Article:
When you want to know what’s in your tap water, look at your local water utility’s website or check your mailbox for its annual report. You’ll find the source of the water and any chemical pollutants remaining after treatment.
IT’S THE LAW.
When you pay a premium price of up to 1900 times more for bottled water, you expect more.
But with rare exceptions, you get less.
All too often, you get nothing. Unless you count hyped advertising come-ons like “crisp,” pristine” or “essential.”
In our book, empty rhetoric means zero. Zip. Nada. Pure drinking water is all about the facts.
An 18-month Environmental Working Group investigation of bottled water labels and websites has found that:
Only 2 bottled waters disclose water sources and treatment methods on their labels and offer a recent water quality test report on their websites. These best performers are:
- Ozarka Drinking Water
- Penta Ultra-Purified Water
Just 18% of bottled waters disclose quality reports with contaminant testing results. Among them are all 8 Nestlé domestic brands surveyed:
- Poland Spring
- Nestlé Pure Life
- Deer Park
- Ice Mountain
None of the top 10 U.S. domestic bottled water brands label specific water sources and treatment methods for all their products.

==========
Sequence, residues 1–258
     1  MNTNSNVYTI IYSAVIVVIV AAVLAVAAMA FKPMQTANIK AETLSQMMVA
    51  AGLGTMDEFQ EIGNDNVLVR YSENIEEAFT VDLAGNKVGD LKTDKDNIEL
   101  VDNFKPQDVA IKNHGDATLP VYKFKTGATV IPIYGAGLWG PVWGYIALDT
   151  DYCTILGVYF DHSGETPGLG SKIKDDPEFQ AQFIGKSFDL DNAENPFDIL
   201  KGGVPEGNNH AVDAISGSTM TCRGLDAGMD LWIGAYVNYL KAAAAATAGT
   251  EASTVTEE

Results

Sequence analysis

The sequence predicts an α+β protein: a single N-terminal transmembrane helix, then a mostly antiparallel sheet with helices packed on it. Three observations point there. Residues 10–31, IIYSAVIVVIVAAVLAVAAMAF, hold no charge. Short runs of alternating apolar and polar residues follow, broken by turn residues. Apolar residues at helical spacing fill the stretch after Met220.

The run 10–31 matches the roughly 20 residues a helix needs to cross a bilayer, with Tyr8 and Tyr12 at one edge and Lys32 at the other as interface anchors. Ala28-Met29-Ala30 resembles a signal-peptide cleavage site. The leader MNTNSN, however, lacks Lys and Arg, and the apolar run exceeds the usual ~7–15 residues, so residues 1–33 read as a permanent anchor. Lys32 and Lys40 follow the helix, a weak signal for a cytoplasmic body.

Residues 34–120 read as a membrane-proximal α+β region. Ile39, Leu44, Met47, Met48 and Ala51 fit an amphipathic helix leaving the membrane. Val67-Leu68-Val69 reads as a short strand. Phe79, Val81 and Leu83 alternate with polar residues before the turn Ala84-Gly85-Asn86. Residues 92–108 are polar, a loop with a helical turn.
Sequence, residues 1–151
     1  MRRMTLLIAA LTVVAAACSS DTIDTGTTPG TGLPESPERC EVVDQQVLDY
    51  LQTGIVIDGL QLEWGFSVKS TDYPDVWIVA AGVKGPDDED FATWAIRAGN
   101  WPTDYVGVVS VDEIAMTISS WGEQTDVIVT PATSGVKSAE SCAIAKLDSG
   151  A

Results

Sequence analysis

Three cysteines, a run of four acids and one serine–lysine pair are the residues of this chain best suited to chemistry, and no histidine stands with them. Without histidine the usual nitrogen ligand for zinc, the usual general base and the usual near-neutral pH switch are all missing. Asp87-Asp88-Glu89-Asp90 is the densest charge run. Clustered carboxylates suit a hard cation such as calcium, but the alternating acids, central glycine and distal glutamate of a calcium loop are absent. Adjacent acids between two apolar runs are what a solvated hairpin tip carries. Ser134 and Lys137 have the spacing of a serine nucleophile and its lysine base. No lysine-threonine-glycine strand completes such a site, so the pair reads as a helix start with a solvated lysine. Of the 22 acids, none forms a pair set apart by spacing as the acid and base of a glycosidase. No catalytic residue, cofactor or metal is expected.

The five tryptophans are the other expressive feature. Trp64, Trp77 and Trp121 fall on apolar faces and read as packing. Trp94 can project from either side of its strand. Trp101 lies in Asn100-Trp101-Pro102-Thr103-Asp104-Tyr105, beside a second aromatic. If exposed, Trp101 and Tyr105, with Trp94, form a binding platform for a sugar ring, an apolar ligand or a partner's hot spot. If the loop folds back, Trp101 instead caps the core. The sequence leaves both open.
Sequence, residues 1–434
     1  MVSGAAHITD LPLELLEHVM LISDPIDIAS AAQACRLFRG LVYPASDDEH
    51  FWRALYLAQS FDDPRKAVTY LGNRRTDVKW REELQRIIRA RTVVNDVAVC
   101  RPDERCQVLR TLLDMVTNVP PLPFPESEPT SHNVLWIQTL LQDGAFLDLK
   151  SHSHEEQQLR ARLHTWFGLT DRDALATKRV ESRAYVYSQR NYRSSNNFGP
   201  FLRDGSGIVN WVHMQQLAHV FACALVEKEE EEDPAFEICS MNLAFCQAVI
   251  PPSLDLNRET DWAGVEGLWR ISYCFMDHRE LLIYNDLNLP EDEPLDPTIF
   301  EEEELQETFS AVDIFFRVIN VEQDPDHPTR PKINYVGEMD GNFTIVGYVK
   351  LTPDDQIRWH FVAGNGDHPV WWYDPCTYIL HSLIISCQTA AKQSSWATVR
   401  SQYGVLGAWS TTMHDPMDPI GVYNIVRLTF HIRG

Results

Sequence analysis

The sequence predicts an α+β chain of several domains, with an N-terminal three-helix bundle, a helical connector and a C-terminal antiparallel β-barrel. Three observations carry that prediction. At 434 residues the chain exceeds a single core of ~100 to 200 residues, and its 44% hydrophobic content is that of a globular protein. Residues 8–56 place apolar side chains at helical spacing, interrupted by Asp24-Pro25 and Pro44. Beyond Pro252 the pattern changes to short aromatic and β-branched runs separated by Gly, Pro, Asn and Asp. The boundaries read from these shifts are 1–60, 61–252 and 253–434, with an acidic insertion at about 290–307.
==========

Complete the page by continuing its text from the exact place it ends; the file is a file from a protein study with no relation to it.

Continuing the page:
via Is your bottled water worth it? | Environmental Working Group.
In a letter sent to its member countries, the WHO said it is officially raising its infectious diseases alert to Phase 6, its highest level, in recognition of the fact that the virus is now undergoing communitywide transmission in Australia as well as in North America. Such spread in two distinct regions of the world is the primary criterion for raising the alert level.
via Swine flu pandemic declared by World Health Organization – Los Angeles Times.
WASHINGTON, — Environmental Working Group (EWG) today called on The Coca-Cola Company’s chairman and chief executive officer Muhtar Kent to take immediate steps to reduce children’s exposure to bisphenol A (BPA), a toxic chemical used in beverage bottles and beverage can linings.
“Along with hundreds of thousands of Environmental Working Group supporters, I was very disappointed to read reports in The Milwaukee Journal Sentinel and The Washington Post that a Coca-Cola representative joined chemical and food processing company lobbyists in a recent meeting to consider, among other things, the use of “fear tactics” to protect the market for the toxic chemical bisphenol A (BPA),” EWG’s President, Ken Cook wrote Kent.
An internal industry document obtained by journalists and EWG show that a Coca-Cola representative took part in a May 28 food and chemical industry strategy session at Washington’s exclusive Cosmos Club, during which, the document said, “Attendees suggested using fear tactics (e.g. ‘Do you want to have access to baby food anymore?’)” According to the leaked document, “Their ‘holy grail’ spokesperson would be a ‘pregnant young mother who would be willing to speak around the country about the benefits of BPA’.”
“Is this the kind of “marketing” effort that Coca-Cola stands behind when it comes to toxic chemicals that contaminate the food supply?” Cook wrote.
More at EWG…